Hoping for banjos and blue skies

Lorraine Jordan sings with Carolina Road during the Wide Open Bluegrass festival on Fayetteville Street last year.
Lorraine Jordan sings with Carolina Road during the Wide Open Bluegrass festival on Fayetteville Street last year. cliddy@newsobserver.com

When Alison Krauss and Union Station take the stage in Raleigh Friday night there will be calls for many songs, but here’s one all in the audience likely will want to hear – “Rain Please Go Away.”

Unrelenting rainy weather and the approach of Hurricane Joaquin have driven most events indoors for the International Bluegrass Music Association’s World of Bluegrass festival that runs through Saturday. But gray weather won’t dampen the fun nor mute the bright tunes of days and nights full of banjos, fiddles and high, keening harmonies. The heavy weather may even give this third version of the festival in Raleigh a cozy, indoor feel.

The cautionary tale over the next few days in downtown Raleigh will be: Dodge the rain and watch for headstocks. For the uninitiated, headstocks are the things at the end of banjo and guitar and mandolin and fiddle necks where the strings are connected. And over the next few days in Raleigh, people are going to encounter raindrops and instruments as they walk through the streets of downtown and see bluegrass groups gathered under tents and awnings.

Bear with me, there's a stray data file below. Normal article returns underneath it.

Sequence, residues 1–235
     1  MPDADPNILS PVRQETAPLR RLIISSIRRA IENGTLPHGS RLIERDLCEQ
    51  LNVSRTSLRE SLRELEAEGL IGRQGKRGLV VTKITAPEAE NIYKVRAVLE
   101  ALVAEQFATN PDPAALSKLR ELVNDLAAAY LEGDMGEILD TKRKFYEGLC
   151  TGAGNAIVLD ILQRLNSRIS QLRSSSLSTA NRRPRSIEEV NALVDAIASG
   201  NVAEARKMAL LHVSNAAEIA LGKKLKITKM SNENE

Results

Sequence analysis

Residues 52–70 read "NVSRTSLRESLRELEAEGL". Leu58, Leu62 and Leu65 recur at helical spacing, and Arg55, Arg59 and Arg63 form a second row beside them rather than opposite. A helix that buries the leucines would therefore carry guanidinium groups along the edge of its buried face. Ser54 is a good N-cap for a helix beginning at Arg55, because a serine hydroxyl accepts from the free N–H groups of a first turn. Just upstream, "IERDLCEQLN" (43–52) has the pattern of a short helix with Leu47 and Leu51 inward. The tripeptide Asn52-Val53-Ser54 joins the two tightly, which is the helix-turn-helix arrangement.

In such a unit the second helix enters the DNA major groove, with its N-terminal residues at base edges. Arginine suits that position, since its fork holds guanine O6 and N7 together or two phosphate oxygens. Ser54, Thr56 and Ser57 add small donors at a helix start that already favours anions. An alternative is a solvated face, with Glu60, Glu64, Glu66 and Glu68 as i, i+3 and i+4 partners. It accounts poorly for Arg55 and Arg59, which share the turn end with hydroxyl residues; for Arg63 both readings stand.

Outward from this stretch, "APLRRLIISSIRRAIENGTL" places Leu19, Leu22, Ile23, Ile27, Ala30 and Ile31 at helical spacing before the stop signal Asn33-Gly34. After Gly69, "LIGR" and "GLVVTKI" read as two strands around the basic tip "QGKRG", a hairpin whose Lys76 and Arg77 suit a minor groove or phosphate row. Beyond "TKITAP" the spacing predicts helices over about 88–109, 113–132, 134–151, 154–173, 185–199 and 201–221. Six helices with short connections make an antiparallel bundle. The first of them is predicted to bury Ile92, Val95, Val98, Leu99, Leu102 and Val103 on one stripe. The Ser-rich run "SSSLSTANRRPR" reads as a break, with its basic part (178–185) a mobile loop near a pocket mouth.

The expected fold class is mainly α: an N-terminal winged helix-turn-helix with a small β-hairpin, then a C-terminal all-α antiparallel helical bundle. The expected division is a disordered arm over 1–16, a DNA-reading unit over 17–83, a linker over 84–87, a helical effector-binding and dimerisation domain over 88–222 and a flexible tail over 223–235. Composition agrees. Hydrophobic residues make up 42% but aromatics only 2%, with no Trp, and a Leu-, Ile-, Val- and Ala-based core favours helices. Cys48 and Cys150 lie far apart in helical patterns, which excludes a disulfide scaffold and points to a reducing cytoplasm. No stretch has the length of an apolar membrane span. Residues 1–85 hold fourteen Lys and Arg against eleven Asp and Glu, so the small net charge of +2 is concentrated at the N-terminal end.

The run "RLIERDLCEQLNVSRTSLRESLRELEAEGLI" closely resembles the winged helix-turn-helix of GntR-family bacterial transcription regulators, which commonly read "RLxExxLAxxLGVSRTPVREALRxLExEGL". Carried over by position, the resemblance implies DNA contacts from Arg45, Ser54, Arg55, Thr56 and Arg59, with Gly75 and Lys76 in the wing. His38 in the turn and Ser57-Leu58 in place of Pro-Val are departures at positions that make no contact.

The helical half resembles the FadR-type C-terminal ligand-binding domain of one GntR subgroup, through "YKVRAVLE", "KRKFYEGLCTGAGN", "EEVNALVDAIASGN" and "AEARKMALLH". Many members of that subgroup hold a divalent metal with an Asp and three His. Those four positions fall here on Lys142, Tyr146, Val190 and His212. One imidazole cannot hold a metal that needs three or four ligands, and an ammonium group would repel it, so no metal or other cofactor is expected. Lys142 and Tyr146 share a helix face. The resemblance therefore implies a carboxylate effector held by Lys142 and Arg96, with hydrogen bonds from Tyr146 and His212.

One of those bands out among the fans along Fayetteville and other streets might be the Kruger brothers. After growing up in Europe, they’re now stars who decided to settle in Wilkesboro because that’s close to where the late Doc Watson was. Along the way, they also made the acquaintance of the late Earl Scruggs, a hero.

Bluegrass does that to people, brings them together, and for the next few days Raleigh is the center of the bluegrass universe. From the Raleigh Convention Center to the Lincoln Theater to restaurants all over town, bluegrass will rule, and banjo players, guitarists and fiddlers will assemble in groups small and large, including in the hallways of hotels late at night. Big-time players like Krauss will be here, but the truth is, you don’t need a ticket to get your fill of good bands during the Capital City’s third year of hosting the IBMA.

The event moved here after long residence in Nashville, where country is king and bluegrass was feeling a little neglected. In that respect, the music festival is as much about Raleigh as it is about bluegrass. It’s a compliment that the event chose the Capital City, but the honor has to be earned every year. For that, Raleigh will have to perform on the streets and in its shops, hotels, restaurants and bars as well as the musicians do on stage and street corners.

Chatham County Line, a fine and now famous band from these parts, actually penned a song about Raleigh’s triumph in getting the IBMA, called “Living in Raleigh Now.” Last year, they played it on stages all over town to great ovations. “What was born in Kentucky is living in Raleigh now,” goes the chorus.

Raleigh’s IBMA crowds have exceeded 150,000, wildly beyond what the organization’s officials expected, and thus the city’s contract to host was extended after the first year.

The gathering’s crowds have been enthusiastic, civil, welcoming and appreciative of this most American music. Which is living in Raleigh now.